“The language barrier is not present in the Philippines as a location for offshore work,” explains Brian Altman, managing director of the Dutch IT service firm IAMD Software Solutions which operates in the Philippines, on why the country has been emerging as a favorite base for offshore operations among European companies. “Everybody speaks English. Furthermore, the Philippines has an abundance of highly skilled and very creative people that are not afraid to work hard at very low costs compared to the West.”

The Dutch software company started out as a small freelance Web development company specializing in travel packages for a hotel/resort portal devoted to traveling in the Philippines. Later on it tapped into local companies’ online needs.

IAMD’s major local client is the SM chain of malls and department stores, which is owned by Henry Sy. SM relies on IAMD for online transactions and website maintenance.

Premier Oil and IAMD Software Solutions are among some 30 Dutch companies now operating in the Philippines.

The largest among these Dutch business interests in the Philippines are in the outsourced business processes. These include Getronics, the ING Group, KLM Royal Dutch Airlines, and the Bickers Group of Companies – Bickers Law Firm, Bickers Corporate and Bickers Public Solutions.

Getronics is an information and communication technology (ICT) service provider for corporations. It integrates and manages ICT systems for several Dutch and global companies and organizations.

The ING Group is a global financial services company claiming to be one of the 20 largest financial institutions worldwide. It provides banking, insurance and asset management services.

The Bickers Group of Companies provides legal, government liaising, and trade-related services to European companies with business interests in Europe and Southeast Asia. Its base of operations in Asia is located in Cebu, the company’s first satellite office outside The Netherlands.

Beyond the outsourced business processes, Dutch companies in the Philippines have large business ventures in food, home, and personal care products; the oil industry; petroleum trading, oil and gas exploration; solar energy, electronics, banking, insurance, coco coir export, and wholesale trade.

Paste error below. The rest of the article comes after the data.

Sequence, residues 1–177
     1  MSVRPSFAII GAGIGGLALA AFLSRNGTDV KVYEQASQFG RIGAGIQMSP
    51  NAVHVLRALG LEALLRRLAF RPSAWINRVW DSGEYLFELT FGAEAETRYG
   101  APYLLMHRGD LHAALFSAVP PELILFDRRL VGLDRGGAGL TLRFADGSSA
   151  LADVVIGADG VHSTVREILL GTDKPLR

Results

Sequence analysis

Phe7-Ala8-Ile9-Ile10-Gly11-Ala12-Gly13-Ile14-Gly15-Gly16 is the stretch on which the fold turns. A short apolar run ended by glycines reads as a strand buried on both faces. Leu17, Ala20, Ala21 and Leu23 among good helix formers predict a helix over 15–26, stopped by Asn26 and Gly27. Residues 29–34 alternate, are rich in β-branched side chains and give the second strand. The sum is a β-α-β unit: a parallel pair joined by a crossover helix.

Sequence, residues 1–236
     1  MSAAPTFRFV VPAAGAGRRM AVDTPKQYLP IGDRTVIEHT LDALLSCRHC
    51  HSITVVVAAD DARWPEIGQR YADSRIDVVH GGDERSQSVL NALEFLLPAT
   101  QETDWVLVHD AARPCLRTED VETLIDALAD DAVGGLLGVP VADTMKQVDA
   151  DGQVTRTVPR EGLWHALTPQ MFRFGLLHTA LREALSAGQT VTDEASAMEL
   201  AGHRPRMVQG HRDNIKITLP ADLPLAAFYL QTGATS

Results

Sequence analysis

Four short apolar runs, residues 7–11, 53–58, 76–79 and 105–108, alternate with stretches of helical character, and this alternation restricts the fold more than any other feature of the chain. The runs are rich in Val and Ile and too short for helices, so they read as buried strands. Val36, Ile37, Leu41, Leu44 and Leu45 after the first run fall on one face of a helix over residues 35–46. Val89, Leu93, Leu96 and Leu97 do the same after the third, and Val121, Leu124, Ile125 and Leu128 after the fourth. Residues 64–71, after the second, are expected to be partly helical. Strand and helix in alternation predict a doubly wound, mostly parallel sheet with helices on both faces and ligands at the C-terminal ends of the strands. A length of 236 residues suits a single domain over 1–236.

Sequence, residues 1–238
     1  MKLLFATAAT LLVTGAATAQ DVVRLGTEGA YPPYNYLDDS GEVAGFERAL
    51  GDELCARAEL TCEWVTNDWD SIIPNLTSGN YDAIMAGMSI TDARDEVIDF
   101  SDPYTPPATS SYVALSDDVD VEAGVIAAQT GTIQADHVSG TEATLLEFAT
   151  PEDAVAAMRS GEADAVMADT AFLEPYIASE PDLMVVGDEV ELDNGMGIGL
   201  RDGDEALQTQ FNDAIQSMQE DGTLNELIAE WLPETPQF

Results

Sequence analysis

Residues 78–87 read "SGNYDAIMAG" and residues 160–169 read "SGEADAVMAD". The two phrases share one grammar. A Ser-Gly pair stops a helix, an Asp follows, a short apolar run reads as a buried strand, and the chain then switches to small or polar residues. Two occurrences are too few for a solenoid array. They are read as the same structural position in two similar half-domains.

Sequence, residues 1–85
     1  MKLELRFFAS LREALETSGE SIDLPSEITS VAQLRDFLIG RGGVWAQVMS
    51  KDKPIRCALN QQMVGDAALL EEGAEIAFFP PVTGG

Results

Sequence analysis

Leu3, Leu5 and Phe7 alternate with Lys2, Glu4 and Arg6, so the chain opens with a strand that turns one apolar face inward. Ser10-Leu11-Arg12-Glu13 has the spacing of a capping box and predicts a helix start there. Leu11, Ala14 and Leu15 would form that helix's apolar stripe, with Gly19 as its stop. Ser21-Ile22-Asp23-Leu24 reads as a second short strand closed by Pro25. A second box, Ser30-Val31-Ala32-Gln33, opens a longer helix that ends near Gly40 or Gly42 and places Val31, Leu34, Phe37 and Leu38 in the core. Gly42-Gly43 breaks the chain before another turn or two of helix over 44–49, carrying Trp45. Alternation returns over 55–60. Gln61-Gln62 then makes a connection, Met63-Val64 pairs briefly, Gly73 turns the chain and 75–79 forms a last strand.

The Royal Dutch Shell is one of the “Big Three” multinational oil industry players in the Philippines and the world. It was ranked this year by Fortune magazine as the third largest corporation in the world, behind Wal-Mart and ExxonMobil.

Aside from gasoline and diesel, Shell also produces car and motorcycle oils like Shell Helix for cars and Shell Advance for motorcycles. Shell also produces the Shellane brand of liquefied petroleum gas (LPG). Its solar energy company, Shell Solar, piloted a sunstation in Aklan and recently completed a feasibility study for establishing and operating sunstations in Palawan.

Shell is involved in oil and gas explorations in Camago and Malampaya fields, which are located not more than 200 nautical miles off the coast of Palawan.

The Vitol Group provides oil trading and marketing services for upstream producers and downstream retailers. It is also involved in oil and gas exploration.

In the food, home and personal care products business Unilever is easily one of the most prominent in the Philippines. Unilever is a multinational company of Anglo-Dutch parentage. It is associated with several brand-name products: Knorr, Becel/Flora, Bertolli, Lipton, Blue Band, Rama, Country Crock, Doriana, Heartbrand, Hellman’s, Amora, Calvé, Wish-Bone, Slim·Fast, Cif, Comfort, Domestos, Omo, Radiant, Sunlight, Surf, Axe, Dove, Lifebuoy, Lux, Rexona, Pond’s, Signal, Close Up, Sunsilk, and Vaseline.

In wholesale trade, Makro is one of the giants in the Philippines. Established in the Philippines in 1995, Pilipinas Makro is a partnership between the Dutch SHV Holdings N.V and SM Prime Investments of the Sy Group of Companies. Its clients in the Philippines include hotels, restaurants, caterers, and sari-sari (variety) store owners.

Other Dutch companies with interests in the Philippines are Philips (electronics), ABN-AMRO (banking), and Rinos N.-V Corion (coco coir export).